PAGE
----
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From left: Sgt. Robert Brown, retired Staff Sgt. Bradley Gruetzner and Sgt. Christopher A. Burrell walk through “Hero’s Highway” on June 25 at the Air Force Theater Hospital at Joint Base Balad, Iraq. Brown, Gruetzner, Burrell and four other soldiers wounded in Iraq had the opportunity to return to the places they once served in a program called Operation Proper Exit.
From left: Sgt. Robert Brown, retired Staff Sgt. Bradley Gruetzner and Sgt. Christopher A. Burrell walk through “Hero’s Highway” on June 25 at the Air Force Theater Hospital at Joint Base Balad, Iraq. Brown, Gruetzner, Burrell and four other soldiers wounded in Iraq had the opportunity to return to the places they once served in a program called Operation Proper Exit. (Brian A. Barbour / Courtesy of the U.S. Army)
From left: Sgt. Robert Brown, retired Staff Sgt. Bradley Gruetzner and Sgt. Christopher A. Burrell walk through “Hero’s Highway” on June 25 at the Air Force Theater Hospital at Joint Base Balad, Iraq. Brown, Gruetzner, Burrell and four other soldiers wounded in Iraq had the opportunity to return to the places they once served in a program called Operation Proper Exit.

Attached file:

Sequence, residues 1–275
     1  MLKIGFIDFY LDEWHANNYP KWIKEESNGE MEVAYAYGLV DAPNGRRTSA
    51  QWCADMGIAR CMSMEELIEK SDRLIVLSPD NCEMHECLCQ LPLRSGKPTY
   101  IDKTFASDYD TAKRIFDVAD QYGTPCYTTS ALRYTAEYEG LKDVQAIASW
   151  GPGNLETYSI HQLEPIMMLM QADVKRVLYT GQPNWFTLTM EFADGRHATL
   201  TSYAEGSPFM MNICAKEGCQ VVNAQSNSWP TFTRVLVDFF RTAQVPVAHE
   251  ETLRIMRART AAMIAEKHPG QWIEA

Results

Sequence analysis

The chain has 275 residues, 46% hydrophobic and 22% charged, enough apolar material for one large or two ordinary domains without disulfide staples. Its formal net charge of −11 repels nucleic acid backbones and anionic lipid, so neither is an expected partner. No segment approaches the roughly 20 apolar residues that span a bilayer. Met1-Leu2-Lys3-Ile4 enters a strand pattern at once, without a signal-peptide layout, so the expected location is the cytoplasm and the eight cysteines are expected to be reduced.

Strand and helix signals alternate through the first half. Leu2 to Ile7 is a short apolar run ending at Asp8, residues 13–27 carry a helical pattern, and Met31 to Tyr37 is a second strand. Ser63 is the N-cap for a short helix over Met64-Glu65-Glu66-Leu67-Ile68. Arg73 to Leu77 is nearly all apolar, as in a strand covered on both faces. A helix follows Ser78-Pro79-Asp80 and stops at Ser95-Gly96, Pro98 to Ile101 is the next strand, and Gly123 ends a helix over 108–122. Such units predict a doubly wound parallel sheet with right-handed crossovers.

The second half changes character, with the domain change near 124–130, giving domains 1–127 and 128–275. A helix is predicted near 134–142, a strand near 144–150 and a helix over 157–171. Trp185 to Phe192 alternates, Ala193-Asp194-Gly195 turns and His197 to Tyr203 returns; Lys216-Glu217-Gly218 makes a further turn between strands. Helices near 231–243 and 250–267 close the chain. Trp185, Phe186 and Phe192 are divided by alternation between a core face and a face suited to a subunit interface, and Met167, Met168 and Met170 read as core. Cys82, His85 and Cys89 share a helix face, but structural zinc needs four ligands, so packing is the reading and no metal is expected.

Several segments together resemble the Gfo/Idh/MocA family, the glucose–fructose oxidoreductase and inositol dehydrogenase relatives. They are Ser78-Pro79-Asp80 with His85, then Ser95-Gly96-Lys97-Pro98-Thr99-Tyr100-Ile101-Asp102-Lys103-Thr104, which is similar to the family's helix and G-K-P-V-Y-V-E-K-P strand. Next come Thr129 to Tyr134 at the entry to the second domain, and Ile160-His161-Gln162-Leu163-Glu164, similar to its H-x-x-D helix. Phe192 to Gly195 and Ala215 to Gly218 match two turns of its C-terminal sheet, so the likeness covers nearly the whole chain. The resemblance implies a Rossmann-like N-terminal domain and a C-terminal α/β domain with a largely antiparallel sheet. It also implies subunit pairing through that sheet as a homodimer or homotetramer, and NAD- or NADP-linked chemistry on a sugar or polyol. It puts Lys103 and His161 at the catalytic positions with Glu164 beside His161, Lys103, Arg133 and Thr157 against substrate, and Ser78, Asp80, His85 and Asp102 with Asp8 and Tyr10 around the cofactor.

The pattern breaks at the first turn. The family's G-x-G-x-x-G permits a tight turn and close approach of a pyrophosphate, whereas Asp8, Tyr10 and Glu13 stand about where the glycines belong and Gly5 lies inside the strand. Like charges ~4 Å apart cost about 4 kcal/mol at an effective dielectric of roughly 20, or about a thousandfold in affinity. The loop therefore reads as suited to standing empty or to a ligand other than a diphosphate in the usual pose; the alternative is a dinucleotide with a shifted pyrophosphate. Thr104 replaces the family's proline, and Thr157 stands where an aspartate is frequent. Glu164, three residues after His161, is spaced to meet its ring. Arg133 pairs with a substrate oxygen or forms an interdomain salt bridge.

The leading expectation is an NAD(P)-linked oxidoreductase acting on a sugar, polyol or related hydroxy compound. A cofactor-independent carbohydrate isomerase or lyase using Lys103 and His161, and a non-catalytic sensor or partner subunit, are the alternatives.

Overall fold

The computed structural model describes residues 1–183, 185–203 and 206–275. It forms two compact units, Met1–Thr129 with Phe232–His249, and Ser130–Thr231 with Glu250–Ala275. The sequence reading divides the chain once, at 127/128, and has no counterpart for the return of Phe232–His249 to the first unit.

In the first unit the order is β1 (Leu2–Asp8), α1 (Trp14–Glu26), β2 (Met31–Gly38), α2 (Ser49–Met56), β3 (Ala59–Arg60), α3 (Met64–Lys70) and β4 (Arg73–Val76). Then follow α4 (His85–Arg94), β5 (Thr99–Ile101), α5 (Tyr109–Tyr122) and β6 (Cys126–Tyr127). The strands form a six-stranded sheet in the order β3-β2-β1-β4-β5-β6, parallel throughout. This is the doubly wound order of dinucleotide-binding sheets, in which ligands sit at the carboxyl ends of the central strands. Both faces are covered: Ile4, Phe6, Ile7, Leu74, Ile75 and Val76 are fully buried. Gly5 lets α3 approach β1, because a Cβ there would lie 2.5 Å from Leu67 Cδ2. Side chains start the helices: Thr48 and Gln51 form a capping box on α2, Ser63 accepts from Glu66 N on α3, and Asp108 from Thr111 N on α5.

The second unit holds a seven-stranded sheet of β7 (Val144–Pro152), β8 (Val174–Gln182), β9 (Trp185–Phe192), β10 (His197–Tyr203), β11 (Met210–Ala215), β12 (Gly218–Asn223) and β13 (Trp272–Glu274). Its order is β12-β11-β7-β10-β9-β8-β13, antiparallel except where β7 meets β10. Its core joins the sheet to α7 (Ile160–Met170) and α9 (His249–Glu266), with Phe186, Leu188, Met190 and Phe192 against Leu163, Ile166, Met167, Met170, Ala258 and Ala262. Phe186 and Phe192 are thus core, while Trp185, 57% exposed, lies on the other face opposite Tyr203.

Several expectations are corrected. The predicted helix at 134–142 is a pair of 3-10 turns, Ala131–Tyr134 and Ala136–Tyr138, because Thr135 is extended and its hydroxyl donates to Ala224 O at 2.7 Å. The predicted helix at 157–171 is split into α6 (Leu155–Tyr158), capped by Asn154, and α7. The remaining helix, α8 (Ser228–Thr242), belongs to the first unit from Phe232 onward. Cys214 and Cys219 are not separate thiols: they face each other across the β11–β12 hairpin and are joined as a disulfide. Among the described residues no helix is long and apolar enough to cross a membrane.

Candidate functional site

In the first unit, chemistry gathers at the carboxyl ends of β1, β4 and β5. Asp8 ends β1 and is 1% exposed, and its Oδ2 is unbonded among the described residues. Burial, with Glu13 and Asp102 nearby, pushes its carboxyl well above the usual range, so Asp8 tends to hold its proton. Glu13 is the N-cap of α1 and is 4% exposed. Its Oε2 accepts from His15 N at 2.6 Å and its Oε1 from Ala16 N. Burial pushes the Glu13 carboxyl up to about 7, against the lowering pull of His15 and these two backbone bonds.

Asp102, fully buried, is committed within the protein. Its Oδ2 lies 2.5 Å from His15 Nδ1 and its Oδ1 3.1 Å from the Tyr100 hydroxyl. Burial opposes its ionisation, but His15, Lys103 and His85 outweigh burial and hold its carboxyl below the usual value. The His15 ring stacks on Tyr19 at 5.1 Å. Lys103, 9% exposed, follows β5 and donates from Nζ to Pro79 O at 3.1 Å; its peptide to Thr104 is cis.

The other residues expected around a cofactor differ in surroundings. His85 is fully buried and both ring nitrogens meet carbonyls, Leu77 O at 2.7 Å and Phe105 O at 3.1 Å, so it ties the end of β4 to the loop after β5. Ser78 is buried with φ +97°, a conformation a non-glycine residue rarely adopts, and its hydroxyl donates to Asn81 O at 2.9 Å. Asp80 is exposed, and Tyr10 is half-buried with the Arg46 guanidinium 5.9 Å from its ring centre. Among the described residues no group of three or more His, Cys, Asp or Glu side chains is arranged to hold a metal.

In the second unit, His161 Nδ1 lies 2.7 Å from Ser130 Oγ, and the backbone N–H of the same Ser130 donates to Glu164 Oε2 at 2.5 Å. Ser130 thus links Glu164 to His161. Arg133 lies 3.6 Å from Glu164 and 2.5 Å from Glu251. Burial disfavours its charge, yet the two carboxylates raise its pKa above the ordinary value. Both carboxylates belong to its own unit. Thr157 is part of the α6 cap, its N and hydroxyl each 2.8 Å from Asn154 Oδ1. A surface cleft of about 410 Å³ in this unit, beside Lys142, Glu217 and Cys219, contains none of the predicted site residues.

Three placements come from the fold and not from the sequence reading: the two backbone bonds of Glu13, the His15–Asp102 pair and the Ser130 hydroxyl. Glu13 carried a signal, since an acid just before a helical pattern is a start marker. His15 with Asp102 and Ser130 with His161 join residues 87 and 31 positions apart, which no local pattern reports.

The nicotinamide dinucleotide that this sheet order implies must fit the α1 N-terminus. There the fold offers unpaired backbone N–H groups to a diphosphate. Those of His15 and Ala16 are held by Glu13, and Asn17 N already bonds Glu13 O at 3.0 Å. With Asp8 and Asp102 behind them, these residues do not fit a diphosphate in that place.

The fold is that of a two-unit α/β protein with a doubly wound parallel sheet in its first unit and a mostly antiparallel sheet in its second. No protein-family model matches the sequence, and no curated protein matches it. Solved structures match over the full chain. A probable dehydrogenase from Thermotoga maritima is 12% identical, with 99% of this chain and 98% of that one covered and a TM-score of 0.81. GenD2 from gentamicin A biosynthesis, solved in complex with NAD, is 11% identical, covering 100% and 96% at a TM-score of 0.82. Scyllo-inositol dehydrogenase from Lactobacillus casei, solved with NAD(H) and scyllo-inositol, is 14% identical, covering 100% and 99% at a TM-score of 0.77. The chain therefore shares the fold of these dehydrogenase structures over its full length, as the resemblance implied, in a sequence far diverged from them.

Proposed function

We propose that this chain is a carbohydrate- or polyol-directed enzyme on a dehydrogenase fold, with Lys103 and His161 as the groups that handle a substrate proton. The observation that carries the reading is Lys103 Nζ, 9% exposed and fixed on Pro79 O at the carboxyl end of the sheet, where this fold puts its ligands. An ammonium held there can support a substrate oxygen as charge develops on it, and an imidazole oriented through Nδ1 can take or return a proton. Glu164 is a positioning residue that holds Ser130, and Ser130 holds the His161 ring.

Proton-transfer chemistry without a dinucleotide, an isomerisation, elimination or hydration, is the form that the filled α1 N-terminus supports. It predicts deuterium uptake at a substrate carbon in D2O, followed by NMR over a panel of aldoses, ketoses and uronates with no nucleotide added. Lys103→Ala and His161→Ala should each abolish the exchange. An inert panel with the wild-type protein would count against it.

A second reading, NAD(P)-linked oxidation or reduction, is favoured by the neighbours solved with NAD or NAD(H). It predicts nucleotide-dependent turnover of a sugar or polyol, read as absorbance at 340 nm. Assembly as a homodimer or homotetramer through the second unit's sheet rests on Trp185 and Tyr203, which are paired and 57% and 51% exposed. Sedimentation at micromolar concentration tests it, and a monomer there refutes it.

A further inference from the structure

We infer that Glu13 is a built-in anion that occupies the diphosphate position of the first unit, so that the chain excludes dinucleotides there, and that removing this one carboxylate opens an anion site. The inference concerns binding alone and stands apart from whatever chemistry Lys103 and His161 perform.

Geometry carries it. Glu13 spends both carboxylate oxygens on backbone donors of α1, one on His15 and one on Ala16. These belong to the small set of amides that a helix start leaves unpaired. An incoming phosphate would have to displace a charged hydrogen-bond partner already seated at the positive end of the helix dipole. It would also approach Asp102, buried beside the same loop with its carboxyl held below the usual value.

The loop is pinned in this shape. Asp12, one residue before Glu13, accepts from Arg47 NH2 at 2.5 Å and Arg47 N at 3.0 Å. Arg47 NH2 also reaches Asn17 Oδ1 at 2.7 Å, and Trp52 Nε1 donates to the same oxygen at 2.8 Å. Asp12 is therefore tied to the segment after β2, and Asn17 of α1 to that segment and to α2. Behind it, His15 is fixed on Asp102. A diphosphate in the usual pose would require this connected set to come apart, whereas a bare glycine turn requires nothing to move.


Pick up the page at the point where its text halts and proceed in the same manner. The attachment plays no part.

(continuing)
From left: Sgt. Robert Brown, retired Staff Sgt. Bradley Gruetzner and Sgt. Christopher A. Burrell walk through “Hero’s Highway” on June 25 at the Air Force Theater Hospital at Joint Base Balad, Iraq. Brown, Gruetzner, Burrell and four other soldiers wounded in Iraq had the opportunity to return to the places they once served in a program called Operation Proper Exit. (Brian A. Barbour / Courtesy of the U.S. Army)
Hospital staff meets with amputee combat veterans during a visit to the Air Force Theater Hospital at Joint Base Balad, Iraq, on June 25. The trip which was made possible by the Troops First Foundation, which allowed the soldiers to return to Iraq and see for themselves the progress in Iraq made from their personal sacrifices.